"Laura’s Law" Looks to Impact Drunk Driving in North Carolina

High profile drunk driving cases like those involving actress Lindsey Lohan have brought nationwide attention to a problem that has been worrying North Carolina lawmakers for years - how do you both fairly punish drunk drivers for their actions and keep drunk drivers off the road in an effort to reduce drunk driving accidents?

"Laura's Law"

With the recent passage of "Laura's Law," a North Carolina statute that dramatically increases the penalties facing repeat drunk drivers, the state's legislature has shown a desire to keep repeat DWI offenders off the road for as long as possible. "Laura's Law" was passed to honor a teenage Gaston County girl who was killed in 2010 by a drunk driver who had several prior DWI convictions.

This law is a wake-up call to North Carolinians who choose to drink and drive. A subsequent DWI conviction now comes with fines of up to $10,000 and a definite prison term between 24 and 36 months; the law even goes so far as to remove the possibility of an early release for good behavior or time served for other offenses. Laura's Law also includes another provision that repeat DWI offenders must submit to mandatory electronic alcohol monitoring - something that can be accomplished via technology like ignition interlock devices or Secure Continuous Remote Alcohol Monitoring (SCRAM) bracelets.

Portable Alcohol Monitoring Devices

Some portable alcohol monitoring devices - mainly the ignition interlock device - have been in use by law enforcement and probation/parole departments around the country for years. Interlock devices are actually integrated into the engine of any vehicles registered to the repeat DWI offender in need of monitoring. They require the driver of the vehicle to perform a Breathalyzer/Intoxilyzer-type breath test that will check for the presence of alcohol on the driver's breath. If none is detected, the engine will start. If, however, any amount above a preset, naturally occurring, level is detected, then the engine will not engage and probation/parole officials will be automatically notified.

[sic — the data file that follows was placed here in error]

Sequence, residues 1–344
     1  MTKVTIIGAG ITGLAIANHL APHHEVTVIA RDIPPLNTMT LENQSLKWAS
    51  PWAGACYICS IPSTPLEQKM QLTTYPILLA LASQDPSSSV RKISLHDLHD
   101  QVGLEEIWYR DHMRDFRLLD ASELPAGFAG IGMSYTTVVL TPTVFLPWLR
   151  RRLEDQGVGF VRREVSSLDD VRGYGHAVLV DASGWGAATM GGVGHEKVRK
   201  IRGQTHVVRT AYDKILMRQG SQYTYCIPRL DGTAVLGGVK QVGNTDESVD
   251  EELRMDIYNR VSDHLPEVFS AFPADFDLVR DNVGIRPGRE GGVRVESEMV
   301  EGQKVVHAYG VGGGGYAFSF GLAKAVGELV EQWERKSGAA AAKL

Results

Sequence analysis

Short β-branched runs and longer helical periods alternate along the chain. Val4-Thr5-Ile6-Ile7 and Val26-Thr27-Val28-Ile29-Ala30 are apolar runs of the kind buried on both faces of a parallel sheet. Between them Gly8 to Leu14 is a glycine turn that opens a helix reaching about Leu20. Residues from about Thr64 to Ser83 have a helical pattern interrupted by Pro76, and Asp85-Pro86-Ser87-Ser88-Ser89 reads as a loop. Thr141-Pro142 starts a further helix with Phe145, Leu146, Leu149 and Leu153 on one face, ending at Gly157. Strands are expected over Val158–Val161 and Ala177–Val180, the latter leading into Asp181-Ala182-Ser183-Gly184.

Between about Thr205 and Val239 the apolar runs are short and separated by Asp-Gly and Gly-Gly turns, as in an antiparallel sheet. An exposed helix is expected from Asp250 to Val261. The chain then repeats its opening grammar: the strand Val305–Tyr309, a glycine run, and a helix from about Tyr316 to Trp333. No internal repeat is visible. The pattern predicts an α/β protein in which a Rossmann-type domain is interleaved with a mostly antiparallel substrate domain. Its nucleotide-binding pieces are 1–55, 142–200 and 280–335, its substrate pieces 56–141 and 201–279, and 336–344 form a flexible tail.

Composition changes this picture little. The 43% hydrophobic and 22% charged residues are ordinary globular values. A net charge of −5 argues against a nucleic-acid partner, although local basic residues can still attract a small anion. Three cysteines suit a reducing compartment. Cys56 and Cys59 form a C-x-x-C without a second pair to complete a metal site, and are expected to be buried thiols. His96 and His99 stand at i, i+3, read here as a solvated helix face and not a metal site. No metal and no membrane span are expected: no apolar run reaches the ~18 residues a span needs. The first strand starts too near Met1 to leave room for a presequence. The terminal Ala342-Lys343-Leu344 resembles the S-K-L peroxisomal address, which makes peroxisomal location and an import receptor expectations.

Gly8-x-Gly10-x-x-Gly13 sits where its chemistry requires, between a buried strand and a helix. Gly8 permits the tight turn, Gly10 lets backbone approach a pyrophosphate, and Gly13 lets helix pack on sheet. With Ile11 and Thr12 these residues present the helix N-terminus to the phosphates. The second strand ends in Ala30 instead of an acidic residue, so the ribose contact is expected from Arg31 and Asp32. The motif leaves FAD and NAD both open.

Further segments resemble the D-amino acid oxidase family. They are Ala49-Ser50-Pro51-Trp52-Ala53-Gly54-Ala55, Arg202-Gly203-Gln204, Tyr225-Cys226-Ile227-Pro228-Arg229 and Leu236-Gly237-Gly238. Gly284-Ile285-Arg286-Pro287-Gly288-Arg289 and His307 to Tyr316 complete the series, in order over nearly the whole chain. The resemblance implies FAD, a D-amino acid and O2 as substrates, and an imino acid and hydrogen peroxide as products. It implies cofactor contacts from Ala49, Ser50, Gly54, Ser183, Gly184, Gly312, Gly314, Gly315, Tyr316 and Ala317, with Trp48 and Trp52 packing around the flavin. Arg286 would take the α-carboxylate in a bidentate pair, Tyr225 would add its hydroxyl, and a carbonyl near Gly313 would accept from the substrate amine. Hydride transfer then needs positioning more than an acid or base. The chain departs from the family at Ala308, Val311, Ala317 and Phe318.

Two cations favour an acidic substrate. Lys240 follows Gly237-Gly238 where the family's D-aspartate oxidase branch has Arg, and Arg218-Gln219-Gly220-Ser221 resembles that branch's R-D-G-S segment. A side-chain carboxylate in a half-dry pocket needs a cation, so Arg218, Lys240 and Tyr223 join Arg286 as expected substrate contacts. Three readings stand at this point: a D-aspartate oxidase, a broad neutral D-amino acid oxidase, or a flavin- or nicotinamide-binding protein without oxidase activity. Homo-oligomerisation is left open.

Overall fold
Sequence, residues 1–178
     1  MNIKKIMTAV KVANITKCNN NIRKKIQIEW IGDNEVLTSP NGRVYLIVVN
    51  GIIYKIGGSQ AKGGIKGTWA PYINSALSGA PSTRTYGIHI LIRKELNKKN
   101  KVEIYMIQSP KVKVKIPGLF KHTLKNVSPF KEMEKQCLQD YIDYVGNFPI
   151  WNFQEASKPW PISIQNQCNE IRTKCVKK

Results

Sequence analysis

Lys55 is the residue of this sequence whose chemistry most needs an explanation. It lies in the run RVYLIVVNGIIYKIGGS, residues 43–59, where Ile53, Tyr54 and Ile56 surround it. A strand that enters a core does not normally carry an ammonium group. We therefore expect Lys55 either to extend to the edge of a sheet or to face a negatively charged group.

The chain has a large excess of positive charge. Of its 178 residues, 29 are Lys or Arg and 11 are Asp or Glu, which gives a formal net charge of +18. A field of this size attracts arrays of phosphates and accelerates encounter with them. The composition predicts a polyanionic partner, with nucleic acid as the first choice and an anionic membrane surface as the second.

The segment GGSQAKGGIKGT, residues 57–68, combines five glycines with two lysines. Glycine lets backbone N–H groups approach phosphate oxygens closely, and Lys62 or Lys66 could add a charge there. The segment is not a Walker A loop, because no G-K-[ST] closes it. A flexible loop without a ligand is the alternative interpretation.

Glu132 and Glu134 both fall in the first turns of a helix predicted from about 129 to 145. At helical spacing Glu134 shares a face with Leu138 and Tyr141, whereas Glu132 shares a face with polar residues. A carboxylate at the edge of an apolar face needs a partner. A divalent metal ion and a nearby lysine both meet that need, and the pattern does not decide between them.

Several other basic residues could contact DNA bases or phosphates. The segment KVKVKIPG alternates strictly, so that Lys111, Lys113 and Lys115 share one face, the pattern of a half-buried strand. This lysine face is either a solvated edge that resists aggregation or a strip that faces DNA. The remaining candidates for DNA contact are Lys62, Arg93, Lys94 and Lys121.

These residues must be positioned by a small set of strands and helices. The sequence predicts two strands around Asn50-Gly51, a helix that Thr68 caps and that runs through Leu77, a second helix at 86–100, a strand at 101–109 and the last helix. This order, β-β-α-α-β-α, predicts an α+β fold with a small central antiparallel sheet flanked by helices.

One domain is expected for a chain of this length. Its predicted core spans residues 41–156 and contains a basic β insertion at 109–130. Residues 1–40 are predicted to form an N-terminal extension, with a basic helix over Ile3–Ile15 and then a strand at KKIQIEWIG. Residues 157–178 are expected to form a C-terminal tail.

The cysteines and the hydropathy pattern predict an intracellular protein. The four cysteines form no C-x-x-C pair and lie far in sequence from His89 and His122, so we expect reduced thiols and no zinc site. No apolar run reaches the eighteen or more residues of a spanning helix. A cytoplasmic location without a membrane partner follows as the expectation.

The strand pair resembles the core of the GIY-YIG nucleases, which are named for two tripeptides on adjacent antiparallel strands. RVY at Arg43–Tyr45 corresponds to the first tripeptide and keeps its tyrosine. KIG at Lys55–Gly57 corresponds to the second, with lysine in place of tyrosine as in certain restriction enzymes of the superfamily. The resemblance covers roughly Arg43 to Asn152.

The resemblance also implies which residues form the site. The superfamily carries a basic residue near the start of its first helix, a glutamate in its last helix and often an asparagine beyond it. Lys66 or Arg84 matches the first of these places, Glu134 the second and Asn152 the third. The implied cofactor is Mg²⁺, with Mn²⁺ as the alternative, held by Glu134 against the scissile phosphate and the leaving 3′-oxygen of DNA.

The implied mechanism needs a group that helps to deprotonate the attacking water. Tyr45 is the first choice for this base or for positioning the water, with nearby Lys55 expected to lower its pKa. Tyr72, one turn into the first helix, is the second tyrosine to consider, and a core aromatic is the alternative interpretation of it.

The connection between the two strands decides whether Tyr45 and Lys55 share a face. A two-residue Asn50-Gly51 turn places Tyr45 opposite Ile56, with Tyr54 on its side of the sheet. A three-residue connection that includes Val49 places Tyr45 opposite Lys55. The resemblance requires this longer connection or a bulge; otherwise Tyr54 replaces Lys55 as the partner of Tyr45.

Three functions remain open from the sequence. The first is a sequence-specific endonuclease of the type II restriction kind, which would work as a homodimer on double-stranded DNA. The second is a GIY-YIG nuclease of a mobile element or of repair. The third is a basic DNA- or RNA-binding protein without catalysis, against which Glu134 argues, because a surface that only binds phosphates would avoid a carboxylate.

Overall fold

Ignition interlock devices have been criticized over the years as not being an effective enough deterrent in preventing drunk driving since crafty offenders found ways to skirt the testing requirements and still drive by borrowing the car of a friend or loved one, or by simply having someone else blow into the interlock device. Newer devices not only require a breath sample before the car starts but also at various times during the ride; if samples aren't given during the ride (or the driver's sample contains too much alcohol), then an alarm will sound in the vehicle and probation or parole officials will be alerted.

Another non-confinement option for monitoring first-time and repeat DWI offenders alike is the Secure Continuous Remote Alcohol Monitoring (SCRAM) bracelet. This device - though used in several jurisdictions around the country (North Carolina included) - most people around the country didn't know about until wild-child actress Lindsey Lohan famously wore one as a condition of her probation for a 2007 California DWI conviction.

These devices work by regularly taking samples of the wearer's perspiration, searching for evidence of alcohol. If a predetermined concentration of alcohol is present, the device will notify law enforcement or probation/parole officials. They have been used successfully as a deterrent to drunk driving for several years now, but even they cannot totally prevent repeat DWI offenses.

Drunk Driving Deterrents

If long-term confinement isn't a proven deterrent to prevent DWI-related re-offenses, nor are monitoring or probation, what else can be done to encourage offenders to get their lives in order? Some legal experts hope that changes like Laura's Law to strengthen criminal penalties will help, but those alone likely won't be enough. These same legal minds think that holding drunk drivers financially responsible for the harm they cause - be it property damage, personal injuries or lost lives - through the legal process could be an even stronger deterrent.

Only time will tell if new legislation and a possible uptick in lawsuits filed against drunk drivers and their insurers has an impact on North Carolina's DWI offenders, but if you or a loved one has been injured in a collision with a drunk driver, consult an experienced personal injury attorney in your area to learn more about your legal rights and options.